Certified Lay Ministers Enhance Ministry at Local Churches

Certified Lay Ministers (CLM’s) are used to enhance local ministry at the Rio Texas Conference. Since 2004, these trained lay members may be serving as “supply” pastors in their local churches while their pastor is taking on multiple responsibilities at numerous churches. 

“These ministers help as bi-vocational ministry associates,” said Outreach Vitality Director Abel Vega, who has sat on the Las Misiones District Committee. “They’re serving in the role of associate pastors. The church community is changing over time. You may have clergy shepherding several churches. These CLM’s are becoming the day-to-day person carrying out the ministry of the church.” 

Tom Kinkead is a Certified Lay Minister at Alamo United Methodist Church in San Antonio. They have a part-time pastor, Rev. George Chambers. Kinkead fills the role as the “daily face” at the church.

“As an assistant to the pastor, I assist in the planning of worship services,” said Kinkead. “I conduct our sunrise service. I also serve as the administrative officer of the church. I have the spiritual gifts of preaching and administration.” 

Kinkead also oversees the day-to-day operation of their local radio station. The radio station is a low-powered FM station with less than 100 watts. They play bluegrass, gospel, contemporary Christian, and old-school Rock ‘n Roll. Their audience is people aged 50-70 who do not attend church. At the top of the hour, they provide brief moments of faith and inspiration.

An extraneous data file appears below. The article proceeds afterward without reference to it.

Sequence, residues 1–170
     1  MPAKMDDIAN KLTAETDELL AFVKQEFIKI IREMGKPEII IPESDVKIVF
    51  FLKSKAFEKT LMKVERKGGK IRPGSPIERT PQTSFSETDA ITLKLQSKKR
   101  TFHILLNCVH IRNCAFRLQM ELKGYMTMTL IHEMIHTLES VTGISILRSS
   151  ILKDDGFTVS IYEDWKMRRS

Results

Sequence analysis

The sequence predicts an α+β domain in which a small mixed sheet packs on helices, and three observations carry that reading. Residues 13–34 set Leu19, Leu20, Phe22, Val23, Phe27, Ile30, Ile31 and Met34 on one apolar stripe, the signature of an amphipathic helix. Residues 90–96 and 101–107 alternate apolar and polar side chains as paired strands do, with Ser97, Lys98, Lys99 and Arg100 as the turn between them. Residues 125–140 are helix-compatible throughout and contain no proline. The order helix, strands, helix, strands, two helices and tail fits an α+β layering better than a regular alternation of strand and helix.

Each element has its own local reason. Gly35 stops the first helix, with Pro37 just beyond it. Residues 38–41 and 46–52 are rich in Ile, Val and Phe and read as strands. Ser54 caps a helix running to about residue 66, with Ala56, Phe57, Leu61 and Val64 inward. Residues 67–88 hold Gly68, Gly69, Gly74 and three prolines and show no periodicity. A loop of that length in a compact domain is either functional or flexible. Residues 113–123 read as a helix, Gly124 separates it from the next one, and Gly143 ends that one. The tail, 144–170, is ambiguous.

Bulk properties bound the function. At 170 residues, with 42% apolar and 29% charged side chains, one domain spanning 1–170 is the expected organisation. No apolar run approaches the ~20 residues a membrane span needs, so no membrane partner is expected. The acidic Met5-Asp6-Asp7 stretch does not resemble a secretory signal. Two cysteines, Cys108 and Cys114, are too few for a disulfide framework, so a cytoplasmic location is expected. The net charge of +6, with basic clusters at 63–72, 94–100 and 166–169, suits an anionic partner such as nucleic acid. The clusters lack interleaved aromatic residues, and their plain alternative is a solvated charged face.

“We are not trying to look for new members for Alamo UMC,” said Kinkead. “We are trying to bring people to Christ.” 

In many cases, the CLM conducts the role of the associate pastor. CLM’s are allowed to provide pastoral care, plan worship services, assist with funerals and preach. The CLM is not allowed to consecrate the sacraments, such as communion. Robert Buck, a CLM at Universal City UMC, was lucky enough to perform the sacrament of marriage. 

“I was requested to do a wedding during the Sunday of Annual Conference 2015,” said Buck. “We were at the time of transition, our new pastor wasn’t here yet and our old pastor already left. I sent a letter to the Bishop. He said that I can do it on a case-by-case basis, but I have to request permission every time.” 

Each CLM received a calling into ministry, much like an ordained minister. After speaking with their local pastor, praying and discernment, the lay person receives approval from the District Superintendent and the district Board of Ordained Ministry. They enroll in a five-module course. Then they are certified by the Board to be a CLM. Click Here to learn more. 

Those who may be interested in becoming a CLM should spend much time in prayer, according to Universal City CLM Lenny Dagg. 

“I’ve talked to people about becoming a CLM,” said Dagg. “Look at the Book of Discipline and see what the requirements are. Talk to your pastor. Pray. The most important thing to do is pray and make sure it is your call from God. This is not just another position to fill.